By Sarah-Tai Black
Firsts are almost always in some measure definitive. To be the first Kenyan film to ever premiere at Cannes, as Wanuri Kahiu’s newest feature film Rafiki was, is to be placed under an incredible weight of expectation. To be banned in your home country due to a supposed “intent to promote lesbianism” is to be placed under an additional weight of scandal. And yet Kahiu has crafted a film which is both potent and modest in its navigation of queered coming-of-age territory. Detractors of Rafiki are quick to point out that the film’s structure and narrative are quite conventional, but there is no re-treading of a familiar geography for this film: Rafiki is quite literally the first of its kind to exist on this part of the map. An African queer love story will never be derivative of a Western one, no matter how typical its formal strategies.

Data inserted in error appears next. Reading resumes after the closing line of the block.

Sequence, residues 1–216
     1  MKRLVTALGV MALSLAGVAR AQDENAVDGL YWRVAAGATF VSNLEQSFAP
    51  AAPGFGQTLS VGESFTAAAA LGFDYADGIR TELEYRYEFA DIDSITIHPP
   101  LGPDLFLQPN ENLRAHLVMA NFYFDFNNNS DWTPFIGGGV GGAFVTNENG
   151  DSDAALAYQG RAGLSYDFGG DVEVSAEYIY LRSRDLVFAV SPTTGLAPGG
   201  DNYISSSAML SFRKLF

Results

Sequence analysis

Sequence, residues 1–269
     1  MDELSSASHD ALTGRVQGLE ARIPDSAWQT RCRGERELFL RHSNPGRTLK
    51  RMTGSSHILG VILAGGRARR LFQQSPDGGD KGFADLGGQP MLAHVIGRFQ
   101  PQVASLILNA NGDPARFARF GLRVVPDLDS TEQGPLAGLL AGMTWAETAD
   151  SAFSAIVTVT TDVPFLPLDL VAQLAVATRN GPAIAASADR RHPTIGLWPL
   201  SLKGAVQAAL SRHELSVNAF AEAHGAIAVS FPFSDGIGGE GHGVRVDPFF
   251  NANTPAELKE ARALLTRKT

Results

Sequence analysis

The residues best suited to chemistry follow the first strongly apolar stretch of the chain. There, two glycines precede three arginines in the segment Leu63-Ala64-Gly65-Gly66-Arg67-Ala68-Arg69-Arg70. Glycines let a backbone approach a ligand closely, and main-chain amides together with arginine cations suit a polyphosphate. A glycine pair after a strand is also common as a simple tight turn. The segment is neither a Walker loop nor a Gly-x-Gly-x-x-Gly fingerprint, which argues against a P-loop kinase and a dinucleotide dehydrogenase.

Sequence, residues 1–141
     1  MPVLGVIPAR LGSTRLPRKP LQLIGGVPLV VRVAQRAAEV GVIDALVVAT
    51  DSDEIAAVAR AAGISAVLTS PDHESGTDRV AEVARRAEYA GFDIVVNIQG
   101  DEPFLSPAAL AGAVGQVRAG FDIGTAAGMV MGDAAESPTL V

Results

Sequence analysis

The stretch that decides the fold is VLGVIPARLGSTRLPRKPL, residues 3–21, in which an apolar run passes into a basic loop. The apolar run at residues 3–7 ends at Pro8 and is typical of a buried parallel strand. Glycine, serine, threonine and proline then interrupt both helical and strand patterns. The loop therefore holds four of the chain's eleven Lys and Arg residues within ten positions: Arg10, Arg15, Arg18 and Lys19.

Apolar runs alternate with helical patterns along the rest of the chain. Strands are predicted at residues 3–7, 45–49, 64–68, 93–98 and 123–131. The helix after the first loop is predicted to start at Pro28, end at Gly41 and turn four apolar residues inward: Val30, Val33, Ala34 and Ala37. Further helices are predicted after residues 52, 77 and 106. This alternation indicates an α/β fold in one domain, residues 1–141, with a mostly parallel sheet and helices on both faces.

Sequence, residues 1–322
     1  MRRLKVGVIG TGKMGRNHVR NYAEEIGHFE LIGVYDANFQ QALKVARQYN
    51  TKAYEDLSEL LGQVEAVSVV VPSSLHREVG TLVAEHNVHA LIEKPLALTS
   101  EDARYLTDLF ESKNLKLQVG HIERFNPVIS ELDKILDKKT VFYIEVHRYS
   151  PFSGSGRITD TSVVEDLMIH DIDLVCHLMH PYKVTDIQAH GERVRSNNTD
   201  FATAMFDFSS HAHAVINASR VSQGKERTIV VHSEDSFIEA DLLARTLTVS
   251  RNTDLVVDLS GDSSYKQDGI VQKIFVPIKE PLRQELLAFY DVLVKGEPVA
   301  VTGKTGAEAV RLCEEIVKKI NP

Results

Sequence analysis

Six years in the making, Rafiki traces with empathy and a rare tenderness the beginnings of a relationship between two young women, Kena (Samantha Mugatsia) and Ziki (Sheila Munyiva), the daughters of their neighbourhood’s two political foes. Kahiu effectively taps into the emotional potential of young queer love, capturing moments so true to experience as to transcend story altogether. Her empathic eye finds a taut balance between the affective tone of young queer feeling and the necessary witness the film must bear to the reality of being queer women in conservative Kenya. This element indeed speaks such truth to power that it compensates more than enough for any of the film’s more conventional gestures. Alongside her directorial pursuits, Kahiu is the co-founder of AFROBUBBLEGUM, a media company which seeks to promote “Fun, fierce and frivolous African art.” It is fitting then that, with Rafiki, the director has produced a wholly new vision of African filmmaking that is vibrant, compassionate, and joyous.